Emot It: Plumber’s crack at texting future

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A Torquay plumber might have just invented the future of texting.

Roger Bramham has launched his new free app, Emot It, the first messaging application to use colours to express the tone of texts and also the first of its kind to enable scheduling of messages.

He hit on the idea about four years ago after a misunderstanding with his son over a text message.

“Eighty per cent of texts are misinterpreted,“ Mr Bramham explained.

“I received a message from my son while on a holiday and replied to him in a sarcastic manner but I didn’t realise he’d interpret it as being fact.

“This caused a bit of a family issue. I got the nastiest reply and he wouldn’t answer his phone for some time.

“I’m a 56-year-old plumber and probably the last person you would think to develop an app like this. My kids believe I’m computer-and-smart-phone-illiterate but miracles do occur and if you do get an idea that you believe may be successful you have to go for it.”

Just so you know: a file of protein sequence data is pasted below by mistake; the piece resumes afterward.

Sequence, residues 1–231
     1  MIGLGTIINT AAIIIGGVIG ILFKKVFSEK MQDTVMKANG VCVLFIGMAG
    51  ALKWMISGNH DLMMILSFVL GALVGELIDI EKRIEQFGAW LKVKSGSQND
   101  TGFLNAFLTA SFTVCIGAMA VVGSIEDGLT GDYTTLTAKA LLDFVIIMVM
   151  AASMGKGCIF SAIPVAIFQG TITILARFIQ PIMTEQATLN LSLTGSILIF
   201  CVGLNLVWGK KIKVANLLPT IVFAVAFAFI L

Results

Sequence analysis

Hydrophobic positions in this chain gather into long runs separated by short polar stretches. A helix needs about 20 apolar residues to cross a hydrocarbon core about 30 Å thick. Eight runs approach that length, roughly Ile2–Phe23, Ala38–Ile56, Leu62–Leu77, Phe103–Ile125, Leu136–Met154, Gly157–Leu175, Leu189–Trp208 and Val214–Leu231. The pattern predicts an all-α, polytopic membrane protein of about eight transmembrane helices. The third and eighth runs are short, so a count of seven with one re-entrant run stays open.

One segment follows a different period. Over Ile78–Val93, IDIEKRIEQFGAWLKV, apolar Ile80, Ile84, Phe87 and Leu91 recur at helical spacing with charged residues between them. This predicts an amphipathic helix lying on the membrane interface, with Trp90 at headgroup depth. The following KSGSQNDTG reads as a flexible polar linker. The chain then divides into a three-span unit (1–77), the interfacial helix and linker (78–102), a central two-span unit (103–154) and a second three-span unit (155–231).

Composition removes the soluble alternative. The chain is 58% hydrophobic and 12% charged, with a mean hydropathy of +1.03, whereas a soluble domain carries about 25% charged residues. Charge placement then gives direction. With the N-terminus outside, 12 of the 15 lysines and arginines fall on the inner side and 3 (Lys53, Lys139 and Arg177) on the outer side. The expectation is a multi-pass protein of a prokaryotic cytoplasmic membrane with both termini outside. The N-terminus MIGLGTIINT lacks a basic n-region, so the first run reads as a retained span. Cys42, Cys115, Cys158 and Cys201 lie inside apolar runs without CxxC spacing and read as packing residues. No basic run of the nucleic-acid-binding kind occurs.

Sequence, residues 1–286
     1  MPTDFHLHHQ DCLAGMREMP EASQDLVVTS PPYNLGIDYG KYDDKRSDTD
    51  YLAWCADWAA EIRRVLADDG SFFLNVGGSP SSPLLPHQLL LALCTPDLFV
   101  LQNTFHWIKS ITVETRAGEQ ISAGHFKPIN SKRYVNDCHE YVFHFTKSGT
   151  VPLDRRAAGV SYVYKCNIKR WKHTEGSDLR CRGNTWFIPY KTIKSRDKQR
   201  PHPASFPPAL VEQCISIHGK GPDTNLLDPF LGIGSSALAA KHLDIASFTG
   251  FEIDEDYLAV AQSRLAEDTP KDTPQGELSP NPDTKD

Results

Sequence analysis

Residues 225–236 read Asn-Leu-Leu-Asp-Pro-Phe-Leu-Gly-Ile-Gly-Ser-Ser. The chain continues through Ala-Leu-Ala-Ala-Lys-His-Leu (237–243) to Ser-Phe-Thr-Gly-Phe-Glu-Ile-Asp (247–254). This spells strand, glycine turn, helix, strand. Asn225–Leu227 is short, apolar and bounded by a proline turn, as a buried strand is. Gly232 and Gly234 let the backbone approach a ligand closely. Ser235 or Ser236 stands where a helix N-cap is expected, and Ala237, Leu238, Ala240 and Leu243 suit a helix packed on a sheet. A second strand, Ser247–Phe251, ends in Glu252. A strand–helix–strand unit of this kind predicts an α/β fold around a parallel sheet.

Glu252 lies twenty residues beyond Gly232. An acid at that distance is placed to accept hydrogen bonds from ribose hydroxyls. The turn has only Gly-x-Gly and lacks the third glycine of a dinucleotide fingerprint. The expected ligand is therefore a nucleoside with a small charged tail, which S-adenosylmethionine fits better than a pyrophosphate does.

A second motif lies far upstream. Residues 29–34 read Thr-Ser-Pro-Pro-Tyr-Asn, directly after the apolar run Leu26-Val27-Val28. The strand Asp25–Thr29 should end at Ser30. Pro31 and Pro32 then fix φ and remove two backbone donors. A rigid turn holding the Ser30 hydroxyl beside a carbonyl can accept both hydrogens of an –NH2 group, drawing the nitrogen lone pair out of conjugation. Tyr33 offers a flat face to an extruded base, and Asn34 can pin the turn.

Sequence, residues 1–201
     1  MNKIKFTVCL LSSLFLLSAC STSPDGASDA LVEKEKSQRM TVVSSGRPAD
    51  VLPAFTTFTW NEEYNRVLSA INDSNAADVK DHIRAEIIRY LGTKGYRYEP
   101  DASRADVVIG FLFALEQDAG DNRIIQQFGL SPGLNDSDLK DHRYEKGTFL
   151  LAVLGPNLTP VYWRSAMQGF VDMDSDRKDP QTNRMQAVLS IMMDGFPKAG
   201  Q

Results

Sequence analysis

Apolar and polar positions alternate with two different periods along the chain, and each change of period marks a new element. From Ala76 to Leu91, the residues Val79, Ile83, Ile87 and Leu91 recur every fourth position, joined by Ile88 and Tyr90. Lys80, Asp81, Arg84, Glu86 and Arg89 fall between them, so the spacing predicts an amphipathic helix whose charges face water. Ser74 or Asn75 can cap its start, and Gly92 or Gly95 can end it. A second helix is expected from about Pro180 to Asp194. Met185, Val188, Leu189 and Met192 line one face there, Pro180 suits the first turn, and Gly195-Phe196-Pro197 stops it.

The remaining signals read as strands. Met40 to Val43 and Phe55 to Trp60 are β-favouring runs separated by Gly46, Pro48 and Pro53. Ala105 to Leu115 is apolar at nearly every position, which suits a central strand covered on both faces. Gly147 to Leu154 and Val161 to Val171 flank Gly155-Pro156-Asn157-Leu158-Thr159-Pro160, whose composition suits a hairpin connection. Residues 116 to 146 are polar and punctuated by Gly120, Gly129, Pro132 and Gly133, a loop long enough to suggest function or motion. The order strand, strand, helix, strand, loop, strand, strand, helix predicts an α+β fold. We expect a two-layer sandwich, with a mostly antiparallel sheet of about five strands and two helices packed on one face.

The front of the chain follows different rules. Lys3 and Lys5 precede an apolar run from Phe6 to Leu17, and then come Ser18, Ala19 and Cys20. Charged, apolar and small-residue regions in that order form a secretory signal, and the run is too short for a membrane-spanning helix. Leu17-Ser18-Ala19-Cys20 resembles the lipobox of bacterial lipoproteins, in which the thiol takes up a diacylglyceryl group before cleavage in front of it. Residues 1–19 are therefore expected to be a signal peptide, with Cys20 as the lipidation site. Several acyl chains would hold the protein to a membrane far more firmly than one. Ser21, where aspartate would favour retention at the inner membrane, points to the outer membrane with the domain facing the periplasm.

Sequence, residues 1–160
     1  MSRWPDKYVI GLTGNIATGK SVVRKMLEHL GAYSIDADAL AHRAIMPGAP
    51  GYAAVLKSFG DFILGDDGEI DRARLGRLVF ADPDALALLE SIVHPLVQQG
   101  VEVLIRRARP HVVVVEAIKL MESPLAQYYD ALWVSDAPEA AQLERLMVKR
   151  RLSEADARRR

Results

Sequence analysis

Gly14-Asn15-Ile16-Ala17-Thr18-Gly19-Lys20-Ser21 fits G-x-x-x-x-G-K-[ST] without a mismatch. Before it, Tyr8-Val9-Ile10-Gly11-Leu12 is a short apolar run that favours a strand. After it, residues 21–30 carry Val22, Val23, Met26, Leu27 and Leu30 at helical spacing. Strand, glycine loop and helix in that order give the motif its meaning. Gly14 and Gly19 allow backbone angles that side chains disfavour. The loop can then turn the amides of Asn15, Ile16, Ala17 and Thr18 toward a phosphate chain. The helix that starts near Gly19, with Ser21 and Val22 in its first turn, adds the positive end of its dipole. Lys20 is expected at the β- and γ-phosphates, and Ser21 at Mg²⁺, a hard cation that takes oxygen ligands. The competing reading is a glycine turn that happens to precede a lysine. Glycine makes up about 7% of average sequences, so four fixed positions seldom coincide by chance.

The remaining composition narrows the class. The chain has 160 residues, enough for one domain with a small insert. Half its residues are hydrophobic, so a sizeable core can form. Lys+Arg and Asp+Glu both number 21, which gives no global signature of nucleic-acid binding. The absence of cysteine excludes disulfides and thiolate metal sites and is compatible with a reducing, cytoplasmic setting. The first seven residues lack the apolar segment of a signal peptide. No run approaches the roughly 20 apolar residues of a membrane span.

Mr Bramham said a Key and Peele comedy ski called Text Message Confusion higlighted “exactly what the app solves”.

As a primary school teacher in the ’80s Mr Bramham would ask students to write stories, with words in different colours to express feelings.

Emot It uses 10 colours to reflect tones and feelings including sarcasm, frustration, jealousy, excitement, joking, disappointment and love.

Users type a message and highlight the text they wish to colour, conveying an emotion.

Mr Bramham said message scheduling was another unique Emot It feature that was unavailable from competitors WhatsApp and Facebook Messenger.

“At the time I thought is was too simple a concept and so must have already been designed, but after research into messaging apps on the market I discovered there’s nothing else like it.

“I’ve patented and copyrighted the idea to protect other companies from copying it.

“In time, if the app attracts enough followers it could be worth quite a bit to companies like Facebook.”

Mr Bramham said the app had received interest from schools and psychologists who believed it could assist people with asperger syndrome to overcome struggles with understanding social and emotional cues.

About 800 people had downloaded Emot It since its soft launch before Christmas, he said.

Mr Bramham is brainstorming ideas for upgrades to improve his app, such as adding colours and incorporating a group-scheduling feature.

Originally published at Geelong Independent.

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About Alana Mitchelson

Alana Mitchelson is a journalist based in Melbourne, Australia. Follow her on Twitter at @AlanaMitchelson.

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